Rodney 2014

Fall 2013 Migration

Rodney left his nest area on the Anacostia River in Washington, DC on the 3rd of September. He followed the standard Osprey route through Florida, Cuba, and Hispaniola before setting off on his trans-Caribbean crossing from Cabo Beata (the typical launch pad for south-bound Ospreys) on the 18th. He made landfall on the Guajira Peninsula in Colombia and then wandered around a bit before finding his way across the eastern arm of the Andes (the Cordillera Oriental). From there he descended into the Venezuelan llanos, where, presumably, he has spent his previous winters. This was our first year following him, so we're not sure, but it is extremely rare for an adult Osprey not to return to the same wintering area each year.


He was 33 days in migration, covering 3,538 miles (5,693 km), which is pretty typical.

Winter Range - 2013-4

Rodney spent his winter in the strange sand-dune dominated countryside of the Venezuelan state of Apure. The shaded areas map out where he spent his time. More on this in the next map.

Winter Range - 2013-4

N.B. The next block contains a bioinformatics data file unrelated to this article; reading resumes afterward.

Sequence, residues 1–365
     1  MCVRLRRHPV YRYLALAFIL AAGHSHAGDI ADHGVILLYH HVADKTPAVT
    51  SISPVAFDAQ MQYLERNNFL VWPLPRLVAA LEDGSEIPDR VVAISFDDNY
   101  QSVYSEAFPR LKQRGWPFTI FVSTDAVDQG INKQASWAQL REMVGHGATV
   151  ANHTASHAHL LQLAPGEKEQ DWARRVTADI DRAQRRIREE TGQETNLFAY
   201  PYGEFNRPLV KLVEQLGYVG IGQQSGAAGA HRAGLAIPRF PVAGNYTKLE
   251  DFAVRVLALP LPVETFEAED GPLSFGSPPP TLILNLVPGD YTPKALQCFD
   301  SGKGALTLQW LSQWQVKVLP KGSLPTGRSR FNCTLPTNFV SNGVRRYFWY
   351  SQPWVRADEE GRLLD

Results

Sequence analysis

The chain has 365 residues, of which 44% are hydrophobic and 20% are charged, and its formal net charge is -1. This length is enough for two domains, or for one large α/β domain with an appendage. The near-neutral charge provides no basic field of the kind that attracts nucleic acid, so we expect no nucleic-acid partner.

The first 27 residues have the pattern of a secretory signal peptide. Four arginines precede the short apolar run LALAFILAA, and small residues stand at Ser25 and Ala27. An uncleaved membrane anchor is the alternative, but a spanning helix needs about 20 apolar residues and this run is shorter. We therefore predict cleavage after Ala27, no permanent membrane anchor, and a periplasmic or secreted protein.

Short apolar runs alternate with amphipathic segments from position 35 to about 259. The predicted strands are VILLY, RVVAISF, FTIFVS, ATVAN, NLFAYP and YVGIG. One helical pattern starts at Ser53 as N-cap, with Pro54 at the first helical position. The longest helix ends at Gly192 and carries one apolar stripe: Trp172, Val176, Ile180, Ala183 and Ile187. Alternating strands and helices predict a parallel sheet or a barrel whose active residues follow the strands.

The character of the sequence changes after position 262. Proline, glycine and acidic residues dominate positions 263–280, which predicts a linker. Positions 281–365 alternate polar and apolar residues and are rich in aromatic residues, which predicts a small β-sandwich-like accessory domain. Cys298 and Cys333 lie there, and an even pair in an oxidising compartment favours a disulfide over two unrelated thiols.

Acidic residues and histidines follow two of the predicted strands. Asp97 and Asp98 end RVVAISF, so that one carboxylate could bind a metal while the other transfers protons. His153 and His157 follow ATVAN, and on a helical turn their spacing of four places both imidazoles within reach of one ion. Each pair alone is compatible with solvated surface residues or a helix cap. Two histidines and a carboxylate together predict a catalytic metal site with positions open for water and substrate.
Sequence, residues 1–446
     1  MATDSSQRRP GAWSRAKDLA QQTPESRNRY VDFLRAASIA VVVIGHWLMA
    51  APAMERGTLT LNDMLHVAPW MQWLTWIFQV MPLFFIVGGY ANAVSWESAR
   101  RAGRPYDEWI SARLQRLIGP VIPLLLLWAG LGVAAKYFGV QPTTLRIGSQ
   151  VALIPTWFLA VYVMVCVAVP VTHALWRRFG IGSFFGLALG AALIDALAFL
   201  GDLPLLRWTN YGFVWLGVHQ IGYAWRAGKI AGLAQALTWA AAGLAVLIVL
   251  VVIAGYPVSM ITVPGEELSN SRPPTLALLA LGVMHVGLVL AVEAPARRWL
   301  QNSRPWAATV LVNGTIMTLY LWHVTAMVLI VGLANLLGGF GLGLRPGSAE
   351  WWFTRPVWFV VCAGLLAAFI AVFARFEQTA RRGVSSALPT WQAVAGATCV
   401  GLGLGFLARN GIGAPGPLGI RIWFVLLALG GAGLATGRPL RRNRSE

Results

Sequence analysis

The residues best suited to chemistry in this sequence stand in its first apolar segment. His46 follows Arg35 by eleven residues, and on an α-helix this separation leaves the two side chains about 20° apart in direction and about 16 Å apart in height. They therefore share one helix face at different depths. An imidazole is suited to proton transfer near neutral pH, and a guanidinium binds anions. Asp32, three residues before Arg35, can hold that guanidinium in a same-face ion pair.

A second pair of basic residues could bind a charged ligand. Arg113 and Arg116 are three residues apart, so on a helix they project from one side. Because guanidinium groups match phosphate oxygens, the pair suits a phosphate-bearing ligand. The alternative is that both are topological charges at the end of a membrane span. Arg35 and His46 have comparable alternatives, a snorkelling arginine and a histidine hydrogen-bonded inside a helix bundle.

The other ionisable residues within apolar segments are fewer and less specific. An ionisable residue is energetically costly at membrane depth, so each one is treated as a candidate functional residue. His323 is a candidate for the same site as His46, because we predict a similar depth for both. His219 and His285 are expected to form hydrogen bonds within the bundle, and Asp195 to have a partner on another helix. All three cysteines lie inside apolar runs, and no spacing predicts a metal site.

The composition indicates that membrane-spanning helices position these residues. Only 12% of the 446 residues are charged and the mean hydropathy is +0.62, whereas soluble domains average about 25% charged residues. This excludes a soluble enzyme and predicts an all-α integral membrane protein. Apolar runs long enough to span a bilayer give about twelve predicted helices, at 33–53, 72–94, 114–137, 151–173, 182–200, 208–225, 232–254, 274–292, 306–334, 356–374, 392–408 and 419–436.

These areas are the result of "kernel home-range analysis." The orange areas encircles areas where 50% of all GPS fixes are included. Orange areas are 98%, and yellow 99% of all the GPS locations. The larger orange oval is 188 square miles--about 17 miles along its long axis. That's where Rodney spent most of the five and one half months between the end of fall migration in 2013 and the beginning of spring migration on

Transmitter awakes

Six months after we last heard from Rodney's transmitter, we started getting signals. This was right where we last heard from him. I don't know why I didn't notice this before, but it's pretty obvious what happened. It looks like Rodney had a fatal encounter with an incoming or leaving aircraft.

Transmitter recovered!

Can you spot the transmitter in this picture?

Transmitter recovered!

The transmitter was in some fill dredged out of the river in the process of extending runway 33 happened to land with the solar panel up, so it recharged and started sending signals.